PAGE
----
The third music review I ever wrote was an ecstatic piece on Musica Sacra two years ago, followed a few months later by another rave. This will be my third love-letter to this a capella group and its conductor, Mary Beekman. Musica Sacra delivers the kind of inspired programming and singing that is quite simply irresistible.
“The Crowning of the Renaissance,” the first program of its First Church of Cambridge season featured works of Thomas Luis de Victoria (1548-1611), whose death 400 years ago inspired a bumper crop of concerts last year in his memory. The other two, Claude Goudinel (c. 1514-1572) and Eustache du Caourroy (1549-1609) were represented memorably in settings of psalms and a mass. Musica Sacra, whose repertoire covers five centuries, has a knack for choosing often unknown composers and presenting their works in such a beguiling manner that one often discovers a new favorite. Such was the case for me with Claude Goudimel.
The evening opened with his 2 (sic) Settings of Psaume (sic) 130: Du fonds de ma pensée, performed by 15 of the choristers. In her always-enlightening program notes, Mary Beekman explains she followed Eustache du Caurroy’s example in programming, including setting of the psalms used in the Vespers service for the dead; Psalm 130 and 120. Psalm 130’s four stanzas are sung first as solos, then in a version set homophonically in which all voices move as one, then finally with the melody in the soprano as other voices imitate these phrases. The high point was the soaring alto solo, sung by new member Emily Nydem, but this dry account gives little indication of how beautiful it was, alas
For Psalm 120, Alors Qu’Affliction Me Presse the whole choir sang. The choir used the 1564 version of the first stanza, while choosing the 1580 version for the second stanza. (A liar is reproached: “What advantage Do you gain from this false speech? How will you profit from This deceitful tongue? Your words are sharp arrows Drawn by a powerful hand And your talk poison, A burning coal of juniper.” Loved the psalm, loved the singing.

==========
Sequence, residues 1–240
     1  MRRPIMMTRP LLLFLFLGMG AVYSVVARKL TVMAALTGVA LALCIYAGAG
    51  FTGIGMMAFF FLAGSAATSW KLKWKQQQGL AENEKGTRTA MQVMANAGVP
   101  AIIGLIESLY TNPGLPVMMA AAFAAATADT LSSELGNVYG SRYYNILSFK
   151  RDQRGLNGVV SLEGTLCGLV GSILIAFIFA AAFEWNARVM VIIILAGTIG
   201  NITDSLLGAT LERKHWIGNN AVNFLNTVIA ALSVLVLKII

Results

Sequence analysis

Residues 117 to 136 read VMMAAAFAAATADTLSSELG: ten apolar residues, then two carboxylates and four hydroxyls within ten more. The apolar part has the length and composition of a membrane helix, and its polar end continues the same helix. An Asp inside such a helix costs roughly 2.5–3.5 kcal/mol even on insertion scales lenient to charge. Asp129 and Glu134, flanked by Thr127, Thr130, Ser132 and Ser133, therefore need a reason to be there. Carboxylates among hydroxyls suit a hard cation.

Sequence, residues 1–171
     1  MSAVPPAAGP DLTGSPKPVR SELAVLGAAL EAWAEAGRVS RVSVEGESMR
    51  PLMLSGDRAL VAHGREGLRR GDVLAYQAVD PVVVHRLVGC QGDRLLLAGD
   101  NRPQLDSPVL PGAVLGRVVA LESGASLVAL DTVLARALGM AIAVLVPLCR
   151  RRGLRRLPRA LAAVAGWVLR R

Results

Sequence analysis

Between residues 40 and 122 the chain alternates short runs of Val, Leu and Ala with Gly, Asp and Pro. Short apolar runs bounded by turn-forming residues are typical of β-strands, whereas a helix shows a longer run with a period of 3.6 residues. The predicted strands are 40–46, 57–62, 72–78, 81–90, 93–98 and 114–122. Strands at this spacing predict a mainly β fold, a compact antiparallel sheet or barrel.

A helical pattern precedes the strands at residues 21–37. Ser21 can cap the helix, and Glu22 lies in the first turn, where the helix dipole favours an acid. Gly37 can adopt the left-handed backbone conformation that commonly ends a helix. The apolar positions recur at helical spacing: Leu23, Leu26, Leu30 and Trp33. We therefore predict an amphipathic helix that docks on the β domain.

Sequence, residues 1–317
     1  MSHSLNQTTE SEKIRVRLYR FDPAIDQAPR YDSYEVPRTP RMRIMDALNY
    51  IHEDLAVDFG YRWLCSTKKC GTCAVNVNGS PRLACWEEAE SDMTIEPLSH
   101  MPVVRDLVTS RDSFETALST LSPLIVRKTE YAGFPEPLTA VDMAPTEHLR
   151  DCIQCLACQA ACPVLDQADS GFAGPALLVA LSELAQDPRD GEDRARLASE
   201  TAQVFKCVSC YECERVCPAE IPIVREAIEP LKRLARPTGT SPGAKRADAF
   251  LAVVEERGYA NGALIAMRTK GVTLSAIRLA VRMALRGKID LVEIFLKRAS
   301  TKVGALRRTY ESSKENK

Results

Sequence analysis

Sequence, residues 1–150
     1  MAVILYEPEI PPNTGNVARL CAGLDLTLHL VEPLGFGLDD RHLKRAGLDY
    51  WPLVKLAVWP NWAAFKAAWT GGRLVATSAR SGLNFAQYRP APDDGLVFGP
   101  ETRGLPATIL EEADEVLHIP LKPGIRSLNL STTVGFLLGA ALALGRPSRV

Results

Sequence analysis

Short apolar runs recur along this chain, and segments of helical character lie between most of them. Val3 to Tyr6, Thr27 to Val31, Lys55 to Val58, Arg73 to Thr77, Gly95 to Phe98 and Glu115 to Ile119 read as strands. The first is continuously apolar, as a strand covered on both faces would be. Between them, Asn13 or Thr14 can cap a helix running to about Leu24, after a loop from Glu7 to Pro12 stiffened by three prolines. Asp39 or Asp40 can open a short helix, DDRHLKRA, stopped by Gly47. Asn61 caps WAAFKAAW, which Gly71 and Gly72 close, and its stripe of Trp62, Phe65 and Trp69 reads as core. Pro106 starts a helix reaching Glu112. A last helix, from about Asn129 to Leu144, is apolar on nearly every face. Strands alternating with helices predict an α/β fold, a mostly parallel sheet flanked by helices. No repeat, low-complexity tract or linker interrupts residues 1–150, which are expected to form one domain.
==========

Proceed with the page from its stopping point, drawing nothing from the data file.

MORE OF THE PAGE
Mary Beekman writes, “What about de Caurroy’s haunting Missa pro defunctis causes it to have such a profound upon the listener?” Easy. It’s ravishing, yet in a solemn and stately manner. Peacefulness and calm pervade the Introit, sung twice, as was the Kyrie. In “Si ambulem,” I felt profoundly calmed by the music to “If I walk through the shadow of death I will fear no ill; you are with me, O Lord Your rod and staff comfort me.” The persistent solemnity and relaxed pace of Caurroy’s mass in this lovely performance gave a profoundly restful break from a hectic world, profoundly restful. The quartet of soloists comprised soprano Janet Ross, alto Emily Nydem, tenor Erik Bertrand, baritone David Halstead, and bass Terry Halco. Ms. Nydem, a new member, was sensational.
Tomás de Victoria, far better known than du Caurroy, was born in Avila (the birthplace of St. Teresa of Avila) just a year after du Caurroy. His lovely motet O magnum mysterium was published in 1572, and the mass he based it upon in 1592. The text “O magnum mysterium” was a favorite of Renaissance composers, perhaps, Ms. Beekman suggests, “because it so successfully comments upon the cognitive dissonance of the King of the Universe appearing on earth in a barn amongst animals.” His beautiful Missa O Magnum Mysterium, more typical than de Caurroy’s Missa of the culmination of Renaissance polyphony, made a great pairing . Its Sanctus gave the sopranos a chance to shine; they were terrific the entire concert. The soloists were soprano Lisa Cacciabaudo, alto Sara Matthews, Tenor Benjamin Skerritt-Davis, and Bass Karl Naden.
The two masses by Victoria and du Caurroy made a clever pairing. Mary Beekman not only has a knack for writing great program notes and (obviously) for choral conducting, but also for assembling irresistible programs.